The president is "just picking out one particular group and saying, 'We're going to bestow on you a special benefit' " he said. "The rest of the country might like that particular benefit in the form of tax relief."
Other proposals by the Task Force on the Middle Class include:
Automatic IRAs: Employers who do not offer retirement plans to their workers would be required to set up individual retirement accounts that would automatically devote a certain percentage of a worker's salary to a retirement plan. Workers could opt out of the plan. Very small companies would be exempt from the requirement. A tax credit would help defray the administrative costs of the IRAs, according to the administration's proposal.
More Transparent 401(k) Plans: The administration says this proposal would improve transparency related to 401(k) retirement plan fees, encourage plan sponsors to provide workers with investment advice, promote annuities and other guaranteed lifetime income options and require clear disclosures related to target-date funds, which adjust workers' investments as they near retirement age.
More Funding for Programs to Care for the Elderly: The administration's Caregiver Initiative would provide $52.5 million to the Department of Health and Human Services for caregiver support programs -- including counseling and training -- as well as $50 million for programs that provide transportation, adult day-care and in-home services related to the elderly.
Some say they're not terribly impressed by any of the proposals thus far -- what they'd really like to find out, they say, is whether Obama will extend tax cuts passed during the Bush era or whether the president will allow them to expire. Under Bush's tax cuts, the highest marginal tax rate dropped from 39.6 percent to 35 percent, while the fourth-highest tax rate, 28 percent, dropped to 25 percent.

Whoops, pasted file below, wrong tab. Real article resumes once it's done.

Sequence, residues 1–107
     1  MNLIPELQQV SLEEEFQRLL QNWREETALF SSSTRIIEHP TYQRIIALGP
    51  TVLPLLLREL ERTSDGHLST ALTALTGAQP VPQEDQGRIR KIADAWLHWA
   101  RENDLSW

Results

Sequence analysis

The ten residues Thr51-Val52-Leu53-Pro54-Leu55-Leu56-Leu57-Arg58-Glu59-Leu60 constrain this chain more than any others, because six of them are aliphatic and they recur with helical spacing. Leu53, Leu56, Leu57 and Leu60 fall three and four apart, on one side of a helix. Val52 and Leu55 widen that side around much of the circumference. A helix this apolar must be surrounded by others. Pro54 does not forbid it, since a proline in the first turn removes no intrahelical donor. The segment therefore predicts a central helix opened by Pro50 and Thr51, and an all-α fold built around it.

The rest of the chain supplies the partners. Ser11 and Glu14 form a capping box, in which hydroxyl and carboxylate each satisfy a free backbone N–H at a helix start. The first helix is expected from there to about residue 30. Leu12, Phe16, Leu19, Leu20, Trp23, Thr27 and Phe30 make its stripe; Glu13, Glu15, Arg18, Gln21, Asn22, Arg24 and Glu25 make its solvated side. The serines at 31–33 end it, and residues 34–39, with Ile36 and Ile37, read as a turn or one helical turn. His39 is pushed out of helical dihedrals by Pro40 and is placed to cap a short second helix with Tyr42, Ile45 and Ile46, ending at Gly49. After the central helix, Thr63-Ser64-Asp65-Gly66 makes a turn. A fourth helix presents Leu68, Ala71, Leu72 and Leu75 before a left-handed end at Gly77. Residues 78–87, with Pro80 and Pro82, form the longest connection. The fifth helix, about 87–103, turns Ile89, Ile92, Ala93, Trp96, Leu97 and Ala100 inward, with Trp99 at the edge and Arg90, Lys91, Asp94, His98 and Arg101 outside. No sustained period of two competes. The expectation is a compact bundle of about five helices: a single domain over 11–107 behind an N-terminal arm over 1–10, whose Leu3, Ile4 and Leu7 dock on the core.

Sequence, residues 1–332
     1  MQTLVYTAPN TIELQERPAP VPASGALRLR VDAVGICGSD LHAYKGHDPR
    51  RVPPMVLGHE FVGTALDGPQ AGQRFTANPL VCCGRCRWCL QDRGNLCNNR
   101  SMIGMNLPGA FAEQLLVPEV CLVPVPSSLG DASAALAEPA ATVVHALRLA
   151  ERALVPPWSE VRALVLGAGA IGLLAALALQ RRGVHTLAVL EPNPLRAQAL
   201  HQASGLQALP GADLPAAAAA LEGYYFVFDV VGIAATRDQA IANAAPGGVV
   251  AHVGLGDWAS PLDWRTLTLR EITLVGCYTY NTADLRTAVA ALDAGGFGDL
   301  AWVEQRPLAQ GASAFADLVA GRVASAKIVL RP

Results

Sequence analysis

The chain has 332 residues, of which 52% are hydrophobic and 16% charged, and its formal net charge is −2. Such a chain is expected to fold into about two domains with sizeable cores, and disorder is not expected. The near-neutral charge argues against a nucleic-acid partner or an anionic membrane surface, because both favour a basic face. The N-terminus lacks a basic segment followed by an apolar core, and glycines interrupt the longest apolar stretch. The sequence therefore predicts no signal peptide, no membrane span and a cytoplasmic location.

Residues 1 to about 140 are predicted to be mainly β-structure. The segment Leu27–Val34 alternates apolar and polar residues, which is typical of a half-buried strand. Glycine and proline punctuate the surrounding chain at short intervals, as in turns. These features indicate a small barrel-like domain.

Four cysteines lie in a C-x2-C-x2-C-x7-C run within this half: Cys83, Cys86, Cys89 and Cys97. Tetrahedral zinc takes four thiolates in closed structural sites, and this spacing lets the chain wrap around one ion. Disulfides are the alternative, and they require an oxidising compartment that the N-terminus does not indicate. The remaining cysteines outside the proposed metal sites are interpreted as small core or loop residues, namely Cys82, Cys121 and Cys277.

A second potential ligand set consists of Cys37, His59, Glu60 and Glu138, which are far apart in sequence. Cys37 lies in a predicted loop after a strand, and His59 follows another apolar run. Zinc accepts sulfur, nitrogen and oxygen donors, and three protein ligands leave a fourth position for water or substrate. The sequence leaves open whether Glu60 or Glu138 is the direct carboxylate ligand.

"What we're most interested in hearing, we haven't heard -- is it true the rumor that the Bush tax cuts might be extended an extra year?" said Bill Ahern, a spokesman for the conservative Tax Foundation. "There's been no hint on that and since many of the Bush tax cuts are middle-class tax cuts, that's the thing that we're looking to finding out."
The president did offer at least one clue about his tax plans in an exclusive interview Monday with ABC's "World News."
Asked if he could guarantee that there would not be a tax increase for anyone making less than $250,000, Obama said, "I can guarantee that the worst thing we could do would be to raise taxes when the economy is still this weak."
The proposals from the administration and the Task Force on the Middle Class -- led by vice president Joe Biden -- come as the definition of middle class seems to be evolving.
A new report from the U.S. Commerce Department's Economics and Statistics Administration argues that being a middle class family has more to do with a family's goals than its income. Those goals, according to the report, include home ownership, a car, college education for their children, health and retirement security and occasional family vacations.